The Chinese People's Procuratorate

The Chinese Prosecution Authority

Term Paper, 2008

10 Pages, Grade: B+


Table of Content

1. Overview

2. Structure of the People’s Procuratorate

3. Functions and Powers of the People’s Procuratorate

4. The Necessary Qualification of the People’s Procurators

5. A Short Overview of the Prosecutorial System in Austria and the Differences to the Chinese People’s Procuratorates

6. Conclusions

7. Bibliography

The People’s Procuratorates

1. Overview:

The People’s Procuratorates are the Chinese criminal prosecution authorities. Unlike in many other countries, for example in Austria, they are not part of the administrative branch of the government; one could say they are a branch of its own. Another important difference is the additional task of the people’s procuratorates, the legal supervision.

In this essay I want to describe how the procuratorate system works, what are the main principles for its organization and what are the major functions of the People’s Procuratorates.

In the end I will point out some of the differences between the Austrian prosecution authority and the Chinese People’s Procuratorates are.

2. Structure of the People’s Procuratorates:

The people’s procuratorates are structured at various levels of government or special procuratorates, similar to the Chinese court system.[1] As there are courts on four levels, there are People’s Procuratorates on four levels. Each court level has its own branch of the People’s Procuratorates assigned (Figure 2).[2] As Hong Kong and Macao are the two Special Administrative Regions, they are not part of the people’s procuratorates system and rely on the common law tradition respectively on the Portuguese legal tradition.

The Supreme People’s Procuratorate is on the same level as the Supreme People’s Court. Analog to the Supreme People’s Court (SPC), the Supreme People’s Procuratorate (SPP) is only responsible to the National People’s Congress (NPC) and the Standing Committee of the National People’s Congress (SCNPC). The SPP reports on a yearly basis to the NPC and it is also subjected to the NPCs supervision.[3] All People’s Procuratorates, established under the SPP, are not only responsible to the SPP, but also to their corresponding People’s Congress, this is the dual leadership structure of China’s procuratorates (Figure 1). The Provincial People’s Procuratorates (also referred to as ‘High People’s Procuratorates’[4] ), for example are responsible to the Provincial People’s Congresses and to the Supreme People’s Procuratorate.[5] This structure of dual leadership cannot be found in the Chinese court system, courts at higher levels only supervise the administration of justice.[6]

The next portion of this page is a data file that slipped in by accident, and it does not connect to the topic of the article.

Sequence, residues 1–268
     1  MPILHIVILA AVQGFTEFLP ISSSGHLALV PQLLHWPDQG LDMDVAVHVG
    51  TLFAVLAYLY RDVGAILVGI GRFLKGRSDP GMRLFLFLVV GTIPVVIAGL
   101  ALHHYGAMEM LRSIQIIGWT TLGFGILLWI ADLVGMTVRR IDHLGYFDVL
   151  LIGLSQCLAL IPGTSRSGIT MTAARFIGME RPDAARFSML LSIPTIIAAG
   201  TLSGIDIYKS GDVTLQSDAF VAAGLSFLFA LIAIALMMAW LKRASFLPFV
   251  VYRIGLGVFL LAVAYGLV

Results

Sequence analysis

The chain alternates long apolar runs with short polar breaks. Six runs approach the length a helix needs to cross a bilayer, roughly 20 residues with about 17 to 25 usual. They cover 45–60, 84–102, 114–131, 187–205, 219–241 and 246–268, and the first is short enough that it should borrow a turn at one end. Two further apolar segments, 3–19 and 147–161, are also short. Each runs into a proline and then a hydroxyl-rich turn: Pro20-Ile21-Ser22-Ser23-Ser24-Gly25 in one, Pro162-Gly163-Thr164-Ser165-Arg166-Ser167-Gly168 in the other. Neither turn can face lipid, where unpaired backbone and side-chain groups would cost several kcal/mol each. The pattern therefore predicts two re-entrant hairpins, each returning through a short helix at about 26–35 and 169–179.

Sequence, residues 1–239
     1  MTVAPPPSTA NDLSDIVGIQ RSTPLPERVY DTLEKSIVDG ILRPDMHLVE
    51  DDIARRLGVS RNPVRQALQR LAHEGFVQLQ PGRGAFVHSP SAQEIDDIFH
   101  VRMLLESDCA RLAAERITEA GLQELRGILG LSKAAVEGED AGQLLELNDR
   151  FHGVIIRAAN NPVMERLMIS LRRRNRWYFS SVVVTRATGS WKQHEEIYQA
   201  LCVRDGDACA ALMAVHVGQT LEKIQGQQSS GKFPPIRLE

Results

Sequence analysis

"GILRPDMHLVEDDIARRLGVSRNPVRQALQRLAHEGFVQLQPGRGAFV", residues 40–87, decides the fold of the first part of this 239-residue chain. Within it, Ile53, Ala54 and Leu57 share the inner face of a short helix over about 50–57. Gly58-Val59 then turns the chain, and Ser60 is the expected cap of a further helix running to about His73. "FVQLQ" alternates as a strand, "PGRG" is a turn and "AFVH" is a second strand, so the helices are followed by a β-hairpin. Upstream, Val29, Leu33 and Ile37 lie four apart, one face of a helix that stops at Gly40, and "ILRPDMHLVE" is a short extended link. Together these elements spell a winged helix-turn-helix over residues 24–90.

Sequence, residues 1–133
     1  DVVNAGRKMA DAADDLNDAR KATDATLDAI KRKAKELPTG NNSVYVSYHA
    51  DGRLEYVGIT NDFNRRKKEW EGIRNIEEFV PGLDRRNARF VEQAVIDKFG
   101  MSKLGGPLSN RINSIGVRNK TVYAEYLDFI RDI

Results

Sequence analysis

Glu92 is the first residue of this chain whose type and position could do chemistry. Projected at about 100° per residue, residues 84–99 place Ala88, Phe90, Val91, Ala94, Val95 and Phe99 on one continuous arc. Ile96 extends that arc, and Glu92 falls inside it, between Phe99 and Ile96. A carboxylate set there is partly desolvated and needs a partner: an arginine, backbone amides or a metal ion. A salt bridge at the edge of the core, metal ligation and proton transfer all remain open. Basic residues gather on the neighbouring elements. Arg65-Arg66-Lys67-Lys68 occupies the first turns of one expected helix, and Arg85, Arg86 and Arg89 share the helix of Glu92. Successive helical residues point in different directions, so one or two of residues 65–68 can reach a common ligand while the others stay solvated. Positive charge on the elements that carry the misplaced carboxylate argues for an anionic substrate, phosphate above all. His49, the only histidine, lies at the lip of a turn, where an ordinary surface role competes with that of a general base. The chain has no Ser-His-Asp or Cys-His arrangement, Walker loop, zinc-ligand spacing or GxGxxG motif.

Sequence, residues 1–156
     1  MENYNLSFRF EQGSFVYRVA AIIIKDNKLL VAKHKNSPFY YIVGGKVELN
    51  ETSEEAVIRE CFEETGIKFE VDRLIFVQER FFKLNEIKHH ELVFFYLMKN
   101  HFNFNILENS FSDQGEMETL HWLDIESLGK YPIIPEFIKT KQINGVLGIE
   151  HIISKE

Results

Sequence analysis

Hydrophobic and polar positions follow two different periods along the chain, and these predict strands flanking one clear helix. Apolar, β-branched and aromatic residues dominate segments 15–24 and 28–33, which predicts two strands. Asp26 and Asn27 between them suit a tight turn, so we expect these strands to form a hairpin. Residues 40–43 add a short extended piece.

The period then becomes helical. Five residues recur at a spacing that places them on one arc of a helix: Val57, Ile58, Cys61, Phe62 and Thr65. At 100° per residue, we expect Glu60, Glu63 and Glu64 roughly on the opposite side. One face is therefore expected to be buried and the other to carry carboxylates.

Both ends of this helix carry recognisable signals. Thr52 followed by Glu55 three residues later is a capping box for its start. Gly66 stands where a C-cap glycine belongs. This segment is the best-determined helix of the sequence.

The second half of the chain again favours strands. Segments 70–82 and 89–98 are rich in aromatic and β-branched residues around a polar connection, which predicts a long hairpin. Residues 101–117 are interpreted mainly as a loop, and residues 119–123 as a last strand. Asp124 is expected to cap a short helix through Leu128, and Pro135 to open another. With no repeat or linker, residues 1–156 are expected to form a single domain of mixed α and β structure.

illustration not visible in this excerpt

Figure 1, the dual leadership structure

The procurator general is elected by the National People’s Congress[7]. The deputy procurator generals and the procurators of the Supreme People’s Procuratorate are appointed by the Standing Committee of the National People’s Congress.[8] The personnel of the people’s procuratorates below the SPP, the chief procurators, deputy procurators and procurators, are assigned by the people’s congresses and their standing committees on corresponding levels. The term of the procurator general and the chief procurators correspond with the term of the people’s congress on their level and the procurator general can only serve two consecutive terms.[9]

The appointment of a chief prosecutor at lower level must be submitted to the next higher level procuratorate and approved by the standing committee of the people’s congress at this level.[10]


[1] China – Outlines of the Constitution of the People’s Republic of China, Zhang Fusen, Law Press 2004, p. 84

[2] Concise Chinese Law, Law Press 2007, p. 34f

[3] China – Outlines of the Constitution of the People’s Republic of China, Zhang Fusen, Law Press 2004, p. 85

[4] Chinese Legal System & Current Legal Reform, Konrad Adenauer Stiftung 1999, p. 377

[5] Concise Chinese Law, Law Press 2007, p. 35

[6] Art. 127, Constitution of the People’s Republic of China

[7] Concise Chinese Law, Law Press 2007, p. 29

[8] Concise Chinese Law, Law Press 2007, p. 35

[9] Art. 130, Constitution of the People’s Republic of China

[10] Art. 22, Organic Law of the People’s Procuratorates of the People’s Republic of China

Excerpt out of 10 pages


The Chinese People's Procuratorate
The Chinese Prosecution Authority
Tsinghua University  (Tsinghua University)
Catalog Number
ISBN (eBook)
ISBN (Book)
File size
543 KB
Chinese law, Chinese People's Procuratorate, prosecution
Quote paper
Mag. Ludwig Hetzel (Author), 2008, The Chinese People's Procuratorate, Munich, GRIN Verlag,


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